David T. Gleeson. The Green and the Gray: The Irish in the Confederate States of America. Civil War America Series. Chapel Hill: University of North Carolina Press, 2013. 336 pp. $35.00 (cloth), ISBN 978-1-4696-0756-6.
Reviewed by Cian McMahon (University of Nevada, Las Vegas)
Published on H-Albion (December, 2013)
Commissioned by Nicholas M. Wolf (New York University)
David T. Gleeson has written another fantastic book about the Irish in the Southern United States--or the Confederate States of America, as southerners called it during the Civil War of 1861 to 1865. Based on careful reading of a wide range of primary sources, Gleeson’s The Green and the Gray contributes to recent scholarship on the Irish in the Civil War by such historians as Susannah Ural Bruce (The Harp and the Eagle: Irish-American Volunteers and the Union Army, 1861-1865 )and Christian G. Samito (Becoming American under Fire: Irish Americans, African Americans, and the Politics of Citizenship during the Civil War Era ). This well-written, carefully crafted monograph is suitable for undergraduate and graduate seminars on migration, nationalism, and war. Specialists of the Irish in America will particularly find this full-length analysis of the Confederate Irish revealing.
As a professional historian, Gleeson was troubled by the stereotype, so popular in Civil War literature, of Irish Confederates as unfailingly brave warriors. In the shadow of this image, he argues, “the real and complicated narrative of the Irish and the Confederacy disappeared” (p. 221). The goal of his book is to embrace the complexities of Irish participation in the Southern war effort. In so doing, Gleeson aims “not merely to outline the Irish involvement with the Confederacy but to analyze its significance, for both the Irish and the Confederacy” (p. 1). His overall argument holds that while the Irish war effort highlighted “the ambiguities within Confederate identity,” it was also “crucial to the integration of Irish immigrants into white society in the South” (pp. 8, 1). This integration was not consolidated until after the war, however, when participation in “Lost Cause” celebrations allowed the Irish to “banish memories of their ambiguous support for the cause and remember only the ‘glories’” (p. 9). Fans of David W. Blight’s Race and Reunion: The Civil War in American Memory (2001) will enjoy Gleeson’s approach to postbellum identity formation.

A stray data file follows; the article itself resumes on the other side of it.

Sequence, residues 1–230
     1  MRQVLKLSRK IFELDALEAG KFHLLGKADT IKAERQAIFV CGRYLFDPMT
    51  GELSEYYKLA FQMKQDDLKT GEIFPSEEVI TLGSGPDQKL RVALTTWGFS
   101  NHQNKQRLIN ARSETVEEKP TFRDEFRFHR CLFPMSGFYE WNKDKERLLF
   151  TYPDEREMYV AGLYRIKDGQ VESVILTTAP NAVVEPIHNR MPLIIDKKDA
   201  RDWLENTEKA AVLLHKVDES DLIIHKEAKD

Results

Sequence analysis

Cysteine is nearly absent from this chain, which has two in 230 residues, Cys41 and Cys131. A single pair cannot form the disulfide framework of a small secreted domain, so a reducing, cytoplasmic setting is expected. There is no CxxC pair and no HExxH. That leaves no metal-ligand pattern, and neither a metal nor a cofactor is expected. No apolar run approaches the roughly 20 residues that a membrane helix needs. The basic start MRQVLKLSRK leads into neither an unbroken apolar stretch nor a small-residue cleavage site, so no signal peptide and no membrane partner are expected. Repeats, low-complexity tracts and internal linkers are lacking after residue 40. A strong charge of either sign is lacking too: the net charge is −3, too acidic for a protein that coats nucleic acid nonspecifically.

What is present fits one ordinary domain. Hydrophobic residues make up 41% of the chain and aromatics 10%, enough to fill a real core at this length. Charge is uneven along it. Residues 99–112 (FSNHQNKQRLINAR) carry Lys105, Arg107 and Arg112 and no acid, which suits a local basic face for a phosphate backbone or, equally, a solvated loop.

The book is organized into six chapters. Chapter 1, “Reluctant Secessionists,” shows that while most Irish immigrants living in the Southern United States may not have objected to slavery itself (and some were outright supporters of the institution), they nevertheless steadfastly supported the Union during the sectional crisis of the 1850s. It was only following Abraham Lincoln’s victory in the presidential election of 1860 that Irish immigrants hesitatingly abandoned the United States in favor of the Confederacy. Gleeson also notes that tumultuous politics at home in Ireland combined with opposition from nativists in America to leave the Irish relatively politicized. The Democratic Party subsequently capitalized on this energy, drawing the newcomers into the “cauldron of sectional politics” (p. 14).
Chapters 2 and 3 look at Irish military participation. The former analyzes their motivations for joining up. Taking issue with those who argue that economic necessity or defense of slavery impelled immigrants into arms, Gleeson suggests that “Confederate patriotism for the Irish ... was closely tied to their experience of Ireland and America” (p. 46). In particular, rhetoric and images, which drew parallels between Irish and Confederate struggles for freedom (from Britain and the United States respectively) were powerful motivating factors. Appeals to masculinity and to an Irish martial heritage stretching back several centuries were important too. Chapter 3, which focuses on Irish performance on the battlefield, returns to the book’s overall theme of ambiguity. “The story of the Irish Confederate soldier,” Gleeson writes, “is filled with contrasting examples of bravery and treachery” (p. 73). Some Irish units, such as Alabama’s Emerald Guards, had incredibly high casualty rates (suggesting courage in the face of danger). Others, such as the Virginia Hibernians had a relatively high rate of desertion. Gleeson effectively complicates the facile legend of the “Fighting Irish.”